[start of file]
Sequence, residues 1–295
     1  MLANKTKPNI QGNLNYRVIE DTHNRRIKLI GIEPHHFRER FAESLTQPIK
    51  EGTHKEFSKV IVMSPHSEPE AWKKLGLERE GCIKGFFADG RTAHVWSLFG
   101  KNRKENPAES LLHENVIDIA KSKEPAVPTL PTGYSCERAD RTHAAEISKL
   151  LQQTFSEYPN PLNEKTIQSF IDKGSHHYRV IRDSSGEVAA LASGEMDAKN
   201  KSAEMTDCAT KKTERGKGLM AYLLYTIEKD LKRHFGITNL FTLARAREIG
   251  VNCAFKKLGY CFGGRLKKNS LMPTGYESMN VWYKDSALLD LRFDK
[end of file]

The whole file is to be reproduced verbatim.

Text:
Sequence, residues 1–295
     1  MLANKTKPNI QGNLNYRVIE DTHNRRIKLI GIEPHHFRER FAESLTQPIK
    51  EGTHKEFSKV IVMSPHSEPE AWKKLGLERE GCIKGFFADG RTAHVWSLFG
   101  KNRKENPAES LLHENVIDIA KSKEPAVPTL PTGYSCERAD RTHAAEISKL
   151  LQQTFSEYPN PLNEKTIQSF IDKGSHHYRV IRDSSGEVAA LASGEMDAKN
   201  KSAEMTDCAT KKTERGKGLM AYLLYTIEKD LKRHFGITNL FTLARAREIG
   251  VNCAFKKLGY CFGGRLKKNS LMPTGYESMN VWYKDSALLD LRFDK